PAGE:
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Anne Lonsdale, Pro-Vice Chancellor of the University of Cambridge
Faculty Development and Quality Assurance in Teaching and Learning

Universities are Taoist institutions -- the one constant thing about them is Change. So while the title I have been given describes some of the core activities of a university, these are dynamic processes and therefore turn out to be surprisingly complex.

I will pass from the traditional characteristics of the Good Teacher to traditional ways in which Faculty development and Quality Assurance were conducted at Cambridge, which is, like Oxford, a collegiate university. I will then deal with the changes both from within and without (for example, alterations in the university's student body and alterations in the national and international systems of Higher Education of which Cambridge is a part) which have led in the past 15 years to two major shifts in our own Quality Assurance processes. What served the university well when it was a small institution with a small range of courses and options and both students and teachers were rigorously selected and well prepared, is no longer adequate when students come variously prepared (though still very rigorously selected), and faculty are chosen by the university primarily for their Research talents and output.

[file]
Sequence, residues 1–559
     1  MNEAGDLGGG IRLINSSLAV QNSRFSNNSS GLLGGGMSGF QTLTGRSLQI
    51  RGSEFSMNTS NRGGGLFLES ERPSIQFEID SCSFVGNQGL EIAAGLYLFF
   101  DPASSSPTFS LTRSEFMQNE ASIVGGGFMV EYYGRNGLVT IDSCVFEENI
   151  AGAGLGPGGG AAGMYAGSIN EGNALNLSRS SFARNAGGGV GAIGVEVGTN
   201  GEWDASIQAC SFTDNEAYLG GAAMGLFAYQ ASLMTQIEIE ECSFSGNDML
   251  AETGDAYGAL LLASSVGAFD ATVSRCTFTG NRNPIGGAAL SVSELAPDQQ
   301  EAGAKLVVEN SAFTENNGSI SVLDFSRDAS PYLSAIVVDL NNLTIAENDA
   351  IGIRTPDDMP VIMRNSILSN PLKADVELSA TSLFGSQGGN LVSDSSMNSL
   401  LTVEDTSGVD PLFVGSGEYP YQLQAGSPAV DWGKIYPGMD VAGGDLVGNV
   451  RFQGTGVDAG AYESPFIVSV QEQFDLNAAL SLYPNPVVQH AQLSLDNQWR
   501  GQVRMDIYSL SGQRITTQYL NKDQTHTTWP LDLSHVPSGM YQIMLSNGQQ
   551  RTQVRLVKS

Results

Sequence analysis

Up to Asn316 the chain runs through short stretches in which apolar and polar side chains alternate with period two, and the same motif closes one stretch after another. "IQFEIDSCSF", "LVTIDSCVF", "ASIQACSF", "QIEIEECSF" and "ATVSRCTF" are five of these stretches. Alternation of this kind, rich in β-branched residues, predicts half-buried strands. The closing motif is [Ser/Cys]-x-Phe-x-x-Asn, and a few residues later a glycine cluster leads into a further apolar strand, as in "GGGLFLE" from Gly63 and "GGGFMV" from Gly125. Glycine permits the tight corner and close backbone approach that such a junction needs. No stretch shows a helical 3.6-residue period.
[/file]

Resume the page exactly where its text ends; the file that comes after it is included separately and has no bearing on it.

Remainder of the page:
Firstly, the processes governing our standard residential degrees, (Bachelors, Masters, Doctorates) have moved from the largely informal to the formal and codified. Responsibility which was chiefly with the student to manage his own learning (as is still the case in Continental European universities) has moved increasingly to the teacher, department and faculty in a society which is increasingly litigious and demands "transparency".

Secondly, major new areas of teaching and learning have arisen, broadly described as Lifelong Learning but comprising within that title very different issues of Quality Assurance. For example, at Cambridge Continuing Professional Development, CPD, where qualified professionals come to update their knowledge or skills, is assessed in quality terms by the governing bodies of the relevant profession, not the university. Meanwhile Cambridge Continuing Education courses may allow the first access to learning post-school for retired people wishing to study mainly for pleasure, or for working people improving their language skills to work abroad or building up a modular degree for themselves in association with the credit transfer systems of the Open University. This new area of Lifelong Learning is not negligible. Whereas some 17,000 students in the University are taking full-time residential courses leading to BA, Masters' or PhD degrees, there are also nearly 14,000 part-time and occasional students taking part in courses ranging from a few days to part-time Masters degrees over two years.

It is this context that most work has been done to move from a focus on developing the role of the faculty member who is teaching, to the need to meet the varied demands of the student who is learning. Both approaches require appropriate programmes of faculty development and of evaluation.

(china.org.cn, July 30, 2002)

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